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Torngat, "La Petite Nicole"

cover image Montreal's trio of talented multi-instrumentalists hit pay dirt on this album. Revolving around a core of keyboards, drums and French horn, the group has carved out a pleasant niche for themselves inside the well traveled corridors of cinematic psychedelia, employing numerous other devices and useful effects along the way.

 

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Torngat - La petite Nicole

Most albums don’t begin with an “interlude” but this one does, doing the same job as an intro, but better, like I am already keyed in to the action of the plot. It could have been written after the title track, which follows the opener, where the melodic themes hinted at in the “interlude” are stretched out and more fully developed. Everything here is arranged in well fit layers, like an actor in a period costume, whom Torngat might well be providing the soundtrack for. A kaleidoscope of timbres illuminates the hierarchies of the harmonic spectrum, all glowing, washed in the thick espresso sludge of reverb and carefully attenuated distortion that coats all the remaining songs.

Whereas the edges come off rough hewn from the fuzzy swamp gas effects, shimmering melodies float gracefully rising like angels above the crinkling sheen of soft white noise. The group show themselves as being well listened in the prog rock and kraut arenas. Feedback, heavy riffing, and fluid drums (sometimes sounding like they are being played underwater), are all evident on songs like “L’Ecole Penitencier” and “Turtle Eyes & Fierce Rabbit.” “6:23 PM” shows a more subtle, ambient side: the slow but throbbing key playing on this track reminded me on every listen of the dreaminess of the classic Eno song “Spider and I.” This is in no way a disparagement of the piece, but added a weight of familiarity as well as mysteriousness. Gentle piano trickles, alongside a windy electric blur, keep it full bodied and well rounded.

The real light of the group shines through on pieces like “Afternoon Moon Pie” and “Going Whats What,” streaming, coaxed out of the curved brass that is the French horn. Whereas many bands will have garish tracks full of bombast and unnecessary pomp when they bring in a horn section, a single French horn imparts a more pure kind of regality altogether. For Torngat it has the benefit of setting them apart from the crowd.

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Review of the Day

AMM, "At the Roundhouse"
Anomalous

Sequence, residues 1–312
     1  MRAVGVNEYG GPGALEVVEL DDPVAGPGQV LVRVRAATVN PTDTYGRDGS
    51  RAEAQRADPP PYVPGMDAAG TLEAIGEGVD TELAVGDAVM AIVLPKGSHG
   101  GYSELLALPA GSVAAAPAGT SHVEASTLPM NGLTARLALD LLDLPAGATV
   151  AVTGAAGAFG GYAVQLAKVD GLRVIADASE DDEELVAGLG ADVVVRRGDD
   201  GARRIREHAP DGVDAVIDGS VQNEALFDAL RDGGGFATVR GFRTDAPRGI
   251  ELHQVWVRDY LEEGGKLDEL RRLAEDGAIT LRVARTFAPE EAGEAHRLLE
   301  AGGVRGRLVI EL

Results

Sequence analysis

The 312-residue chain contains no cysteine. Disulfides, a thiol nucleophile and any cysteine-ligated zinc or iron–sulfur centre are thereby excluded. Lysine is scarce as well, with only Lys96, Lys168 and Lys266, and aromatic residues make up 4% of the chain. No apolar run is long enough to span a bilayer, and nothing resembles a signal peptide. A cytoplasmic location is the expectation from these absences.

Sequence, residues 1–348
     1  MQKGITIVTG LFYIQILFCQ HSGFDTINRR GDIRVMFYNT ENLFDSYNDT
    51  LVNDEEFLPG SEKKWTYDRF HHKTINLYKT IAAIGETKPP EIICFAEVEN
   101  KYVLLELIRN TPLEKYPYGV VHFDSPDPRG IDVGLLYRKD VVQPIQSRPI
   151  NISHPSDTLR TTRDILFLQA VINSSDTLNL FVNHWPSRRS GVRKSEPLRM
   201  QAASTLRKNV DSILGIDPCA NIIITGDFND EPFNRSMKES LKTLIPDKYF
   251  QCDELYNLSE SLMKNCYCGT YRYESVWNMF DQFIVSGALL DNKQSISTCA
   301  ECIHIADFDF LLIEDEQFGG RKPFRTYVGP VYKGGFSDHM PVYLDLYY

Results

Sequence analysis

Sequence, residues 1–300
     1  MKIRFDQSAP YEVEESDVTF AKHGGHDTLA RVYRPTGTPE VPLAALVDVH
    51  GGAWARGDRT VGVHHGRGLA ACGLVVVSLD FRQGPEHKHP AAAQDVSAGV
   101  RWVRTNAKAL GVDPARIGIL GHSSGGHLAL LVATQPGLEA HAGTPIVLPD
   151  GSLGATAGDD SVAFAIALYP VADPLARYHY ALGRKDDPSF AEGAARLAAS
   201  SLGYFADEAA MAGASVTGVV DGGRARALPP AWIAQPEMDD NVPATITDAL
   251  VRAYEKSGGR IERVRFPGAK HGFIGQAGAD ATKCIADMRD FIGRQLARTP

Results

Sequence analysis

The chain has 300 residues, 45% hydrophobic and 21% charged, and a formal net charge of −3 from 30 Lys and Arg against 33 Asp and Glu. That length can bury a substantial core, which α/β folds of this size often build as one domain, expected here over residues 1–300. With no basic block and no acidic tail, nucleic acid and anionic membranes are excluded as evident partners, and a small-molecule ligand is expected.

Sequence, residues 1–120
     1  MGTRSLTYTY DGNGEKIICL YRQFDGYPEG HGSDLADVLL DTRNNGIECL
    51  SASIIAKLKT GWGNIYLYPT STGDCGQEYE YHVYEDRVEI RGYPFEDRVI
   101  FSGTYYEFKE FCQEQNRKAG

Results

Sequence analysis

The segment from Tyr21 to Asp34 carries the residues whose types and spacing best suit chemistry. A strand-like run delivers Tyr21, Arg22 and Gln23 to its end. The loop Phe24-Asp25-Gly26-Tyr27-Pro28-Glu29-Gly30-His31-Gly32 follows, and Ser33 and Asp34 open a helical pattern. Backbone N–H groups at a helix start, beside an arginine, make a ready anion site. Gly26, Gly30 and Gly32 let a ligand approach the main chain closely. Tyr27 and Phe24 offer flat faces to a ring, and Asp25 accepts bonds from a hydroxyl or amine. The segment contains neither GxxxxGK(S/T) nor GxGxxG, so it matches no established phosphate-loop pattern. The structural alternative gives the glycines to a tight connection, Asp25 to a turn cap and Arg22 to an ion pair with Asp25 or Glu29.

This 1972 recording catches the iconoclastic British improv ensemble around the time of To Hear and Back Again, where the group was temporarily reduced to the duo of saxophonist Lou Gare and drummer Eddie Prévost. This is the interim period coming after AMM's first recordings, those groundbreaking mini-epics of sax and string-strewn factory ambience, and before the group's later, arguably more "mature" phase, marked by the introduction of John Tilbury's piano and a calmer, more subtle playing style. In '72, the temporary absence of Keith Rowe's tabletop guitar and electronics meant the disappearance of nearly all of the colorful industrial abstractions that made the group's early work such an unclassifiable joy, and in response, the duo of Gare and Prévost dips heavily into free jazz for this performance at London's Roundhouse, anticipating their work on Hear and Back two years later. The players are clearly competent and practiced communicators, making the disc's 47 minutes ample time for a few dozen beautiful moments to emerge, but it's easy to feel disappointed with Roundhouse as it's really only a sidestep in the path of a group whose best work lies both ahead and behind. Gare demonstrates a keen appreciation for the free-fractured melodic style of late-period Coltrane, merging with the wayward stabs of Arkestran contemporary John Gilmore; however these abilities had been previously established on the first two AMM records where they found brighter placement within the rich textures of the expanded ensemble, alongside Cornelius Cardew's disembodied cello. The saxophonist is more impressive during Roundhouse's quieter passages where, removed from distraction or compliment, the soft arcs, low warbles, and the other more textural elements of his playing can be fully appreciated (and picked out of other recordings). Prévost's playing is, for the most part, a disappointment. Given the completely alien repertoire of sound I know the drummer to be capable of, his relatively straight-laced performance here becomes my biggest criticism of the disc. Prévost might have been forgiven had he hung back to allow for more subdued interaction with Gare's tenor, but instead he insists on punctuating most everything with tight, exhaustive snare rolls that prove tedious before the halfway point. In contrast to other AMM discs where one unbroken piece receives (seemingly) arbitrary track divisions, Roundhouse's single track includes numerous pauses, which, oddly enough, become the music's biggest asset. Continually easing their instruments into and out of silence, Gare and Prévost are forced to repeatedly regenerate the piece from scratch, molding listener anticipation and crafting an increasingly complex work. Also, the recording leaves a considerable amount of audience noise and room ambience audible, allowing these sounds to blend with those from the two musicians and recalling the famous AMM credo: "Every noise has a note." During particular lulls in the playing, as distant coughs and shuffles enter the mix, I can almost hear the static edge of the absent Rowe's shortwave radio, as if this room and these people were just something he was lucky enough to find on the dial as the sax and drums started to die down. Moments like these are enough to make Roundhouse worthwhile and to remind me that even mediocre AMM discs make for irresistible listening.